fate was sealed. Even before the damaged prototype could be removed from the field, orders were given to reallocate the projects resources. Dr. Von Kriegs visions of a Steel Legion were dead, for now.

    Dr. Schmidt, fearing for his life, packed up his things and headed to America. He changed his name to William Smith and secured a position at City University. He knew that he had not seen the last of Dr. Von Krieg and threw his intellect at developing a defense against the still untested Electro-Pulse Cannon, a weapon he feared far more than the tank on legs. Dr. Smiths daughter, Margaret, watched him helplessly as her father spent every free moment in his laboratory. She practically grew up without him, although she remained devoted to him.

    In an ironic twist of fate, Dr. Von Krieg also came to America. He wanted no part in post-Imperial Germany, a country that he considered a twisted mockery of its old self. He purchased some property a couple of hours outside the City and began recreating his old project, this time with money from unsavory sources. It took him over a decade to rebuild his dream, and he is now ready to give the world a demonstration. Dr. Von Krieg also has a daughter, Else, who shares her fathers dream of a new German Empire.

    As Dr. Sieger, Dr. Von Krieg has turned his property into an airfield. Publicly, he is purchasing, scrap metal and other materials to build aircraft that he hopes to so to both military and civilian customers. In truth, this

  • has been nothing more than a smokescreen for his true ambitions. Dr. Von Krieg has been careful to import labor from trusted sources said he hasnt tipped his hand over the last decade.

    Scenario Edit: Why the Germans?

    Some Thrilling Tales campaigns may be suffering from the every villain is tied to the Nazis syndrome. It cant be stressed enough that Dr. Von Krieg is not a Nazi; indeed, he wishes to see the Kaiser back on the throne. Still, some GMs may have run a spate of German/Nazi adventures and dont want yet another German threatening the PCs. It is an easy enough fix to make Dr. Von Krieg from the old Austrian Empire, Ottoman Empire, Russian Empire or even some imaginary Central European kingdom (the Kingdom of Ruteria or something similar). Just file the serial numbers and plug in more appropriate-sounding names. The important facts are that Dr. Von Kreig comes from a place that has fallen from grace in his eyes, and hes going to make the world set things right.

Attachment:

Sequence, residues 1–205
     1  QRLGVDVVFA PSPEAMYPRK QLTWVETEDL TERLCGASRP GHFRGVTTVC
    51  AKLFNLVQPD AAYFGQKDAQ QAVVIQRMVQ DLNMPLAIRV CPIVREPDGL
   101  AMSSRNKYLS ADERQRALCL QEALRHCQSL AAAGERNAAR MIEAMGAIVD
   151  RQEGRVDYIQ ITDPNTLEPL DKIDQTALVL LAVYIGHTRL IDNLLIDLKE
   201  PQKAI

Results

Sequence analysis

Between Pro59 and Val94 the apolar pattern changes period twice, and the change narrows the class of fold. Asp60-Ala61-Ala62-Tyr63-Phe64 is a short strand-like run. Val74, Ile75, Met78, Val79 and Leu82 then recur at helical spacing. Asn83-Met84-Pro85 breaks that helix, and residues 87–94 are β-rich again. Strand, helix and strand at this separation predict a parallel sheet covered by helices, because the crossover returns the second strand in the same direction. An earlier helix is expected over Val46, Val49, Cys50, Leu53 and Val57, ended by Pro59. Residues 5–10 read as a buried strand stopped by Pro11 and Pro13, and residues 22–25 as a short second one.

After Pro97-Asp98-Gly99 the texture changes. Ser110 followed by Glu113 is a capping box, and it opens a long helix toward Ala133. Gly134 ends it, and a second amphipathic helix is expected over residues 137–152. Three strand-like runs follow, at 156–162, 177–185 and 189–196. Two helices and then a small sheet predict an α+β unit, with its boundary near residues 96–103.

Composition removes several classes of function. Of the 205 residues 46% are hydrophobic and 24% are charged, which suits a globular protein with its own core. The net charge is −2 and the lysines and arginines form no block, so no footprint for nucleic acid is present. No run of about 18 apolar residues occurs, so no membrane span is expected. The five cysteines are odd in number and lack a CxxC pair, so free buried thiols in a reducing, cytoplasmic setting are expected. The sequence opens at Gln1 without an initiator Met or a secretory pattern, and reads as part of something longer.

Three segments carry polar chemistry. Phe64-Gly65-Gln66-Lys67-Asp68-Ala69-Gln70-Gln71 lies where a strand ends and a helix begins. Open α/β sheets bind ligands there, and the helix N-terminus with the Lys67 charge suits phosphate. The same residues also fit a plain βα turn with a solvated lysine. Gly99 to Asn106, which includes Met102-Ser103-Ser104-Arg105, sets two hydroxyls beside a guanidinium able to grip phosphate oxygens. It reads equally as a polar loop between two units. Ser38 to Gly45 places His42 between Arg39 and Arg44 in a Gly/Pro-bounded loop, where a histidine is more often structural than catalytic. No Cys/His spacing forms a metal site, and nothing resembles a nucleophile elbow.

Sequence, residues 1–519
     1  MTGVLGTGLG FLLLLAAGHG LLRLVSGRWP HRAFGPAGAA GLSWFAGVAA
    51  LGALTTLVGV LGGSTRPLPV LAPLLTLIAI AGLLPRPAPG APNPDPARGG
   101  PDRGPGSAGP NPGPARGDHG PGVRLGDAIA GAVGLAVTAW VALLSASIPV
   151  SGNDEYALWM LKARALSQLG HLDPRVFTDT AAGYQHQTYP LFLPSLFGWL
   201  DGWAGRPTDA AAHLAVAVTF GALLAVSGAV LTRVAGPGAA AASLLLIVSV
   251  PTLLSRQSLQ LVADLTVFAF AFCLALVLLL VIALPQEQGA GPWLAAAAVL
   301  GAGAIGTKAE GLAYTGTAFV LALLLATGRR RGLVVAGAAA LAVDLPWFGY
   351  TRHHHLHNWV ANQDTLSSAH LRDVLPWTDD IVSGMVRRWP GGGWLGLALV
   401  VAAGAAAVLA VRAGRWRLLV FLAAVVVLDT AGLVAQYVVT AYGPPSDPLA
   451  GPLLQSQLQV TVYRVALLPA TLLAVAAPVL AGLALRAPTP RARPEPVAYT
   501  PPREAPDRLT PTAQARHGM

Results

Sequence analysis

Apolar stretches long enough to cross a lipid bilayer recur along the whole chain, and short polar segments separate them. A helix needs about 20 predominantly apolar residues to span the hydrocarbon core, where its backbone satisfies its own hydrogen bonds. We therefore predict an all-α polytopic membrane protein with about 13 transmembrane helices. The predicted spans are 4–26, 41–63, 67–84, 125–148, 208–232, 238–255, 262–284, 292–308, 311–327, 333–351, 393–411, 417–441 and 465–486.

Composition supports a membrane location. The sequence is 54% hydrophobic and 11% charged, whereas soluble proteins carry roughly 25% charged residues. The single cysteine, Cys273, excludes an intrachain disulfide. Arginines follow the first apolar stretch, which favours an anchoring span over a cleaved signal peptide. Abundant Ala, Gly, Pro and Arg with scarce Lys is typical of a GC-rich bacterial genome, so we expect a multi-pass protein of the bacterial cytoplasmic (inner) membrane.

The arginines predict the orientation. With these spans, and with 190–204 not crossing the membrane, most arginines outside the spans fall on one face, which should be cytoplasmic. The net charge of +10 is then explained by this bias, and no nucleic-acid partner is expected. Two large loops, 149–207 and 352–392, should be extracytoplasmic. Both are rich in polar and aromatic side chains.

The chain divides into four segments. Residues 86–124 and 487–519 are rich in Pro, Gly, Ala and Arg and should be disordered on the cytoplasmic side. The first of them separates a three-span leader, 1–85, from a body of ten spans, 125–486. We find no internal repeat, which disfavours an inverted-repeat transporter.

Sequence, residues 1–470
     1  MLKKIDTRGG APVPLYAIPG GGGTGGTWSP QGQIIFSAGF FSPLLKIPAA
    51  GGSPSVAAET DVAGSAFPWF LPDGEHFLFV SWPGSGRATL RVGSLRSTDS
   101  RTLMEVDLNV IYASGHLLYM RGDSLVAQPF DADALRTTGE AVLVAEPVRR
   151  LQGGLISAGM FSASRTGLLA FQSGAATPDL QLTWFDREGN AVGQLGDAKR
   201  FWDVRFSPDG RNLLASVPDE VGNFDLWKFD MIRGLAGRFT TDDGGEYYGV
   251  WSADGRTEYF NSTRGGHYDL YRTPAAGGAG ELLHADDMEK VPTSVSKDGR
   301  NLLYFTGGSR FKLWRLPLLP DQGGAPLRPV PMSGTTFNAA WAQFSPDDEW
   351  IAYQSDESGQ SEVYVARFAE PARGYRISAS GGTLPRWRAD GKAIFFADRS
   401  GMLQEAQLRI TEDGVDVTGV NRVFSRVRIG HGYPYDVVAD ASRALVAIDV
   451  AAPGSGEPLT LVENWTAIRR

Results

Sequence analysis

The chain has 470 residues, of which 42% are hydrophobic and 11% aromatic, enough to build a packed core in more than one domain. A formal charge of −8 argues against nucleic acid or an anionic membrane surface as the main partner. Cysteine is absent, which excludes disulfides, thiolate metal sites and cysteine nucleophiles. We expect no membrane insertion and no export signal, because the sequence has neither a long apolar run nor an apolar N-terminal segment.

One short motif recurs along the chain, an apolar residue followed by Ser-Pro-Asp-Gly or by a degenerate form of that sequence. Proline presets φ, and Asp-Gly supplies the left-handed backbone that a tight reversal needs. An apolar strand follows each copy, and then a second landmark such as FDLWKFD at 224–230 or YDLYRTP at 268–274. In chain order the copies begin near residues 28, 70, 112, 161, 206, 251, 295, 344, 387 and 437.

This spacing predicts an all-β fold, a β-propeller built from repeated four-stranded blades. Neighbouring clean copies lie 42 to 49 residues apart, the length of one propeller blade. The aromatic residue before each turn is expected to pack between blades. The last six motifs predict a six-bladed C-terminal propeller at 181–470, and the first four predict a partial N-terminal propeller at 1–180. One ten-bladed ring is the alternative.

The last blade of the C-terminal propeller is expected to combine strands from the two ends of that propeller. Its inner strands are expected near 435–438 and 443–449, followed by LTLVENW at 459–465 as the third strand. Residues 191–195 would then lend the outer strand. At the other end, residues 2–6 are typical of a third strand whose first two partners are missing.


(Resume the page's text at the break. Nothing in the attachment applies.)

Chapter One: Train Robbery

    This chapter starts with a leisurely night train ride to the City from some other metropolis. This train includes a very special passenger, Dr. Jean-Pierre Monet. Dr. Monet is coming all the way from French Canada, eager to show off his invention at the City Science Fair.

    There may be PCs among the passengers. If there are PCs in the game who arent native to the City, they may be on the train in order to see the Science Fair (an Ace

    Reporter may also be coming back from a field assignment). If the GM wishes, they may interact with Dr. Monet. He is a friendly, middle-aged man who enjoys pleasant conversation, particularly in his native French (in Diplomacy terms, he is friendly to English speakers and Helpful to French speakers). Dr. Monet doesnt say much about his invention; only that it will revolutionize available power.

    Some PCs may decide to have a look at

  • Monets invention. It is currently in one of the freight cars, kept inside three marked boxes of varying heights, the smallest of which is about 216 cubic feet. If they wish to try and pry open a box, let them. They wont get far before everything goes black.

    Stealth Attack!No matter what the players are doing, they will be stopped in their tracks. Three of Dr. Von Kriegs Steel Legionnaires attack the train and knock everyone on board unconscious (unless the GM chooses the advance look option). The last thing that they remember are the train lights going out.

    The GM can have the PC with the highest Constitution score awaken first. He drowsily gets to his feet with a pounding in his head. Glancing around, he notices that everyone in the car is unconscious. Only

    now are some of them stirring.

    If the PC was in the same car with Dr. Monet, he will notice two things. First, Dr. Monet is gone. Second, there is a large hole in the ceiling of the car, as if a giant weight punched through it. While there is no sign of damage on the floor, there are indentations in other parts of the ceiling. A Craft (mechanical) skill check at DC 10 will reveal that something very large landed on the roof of the train and probably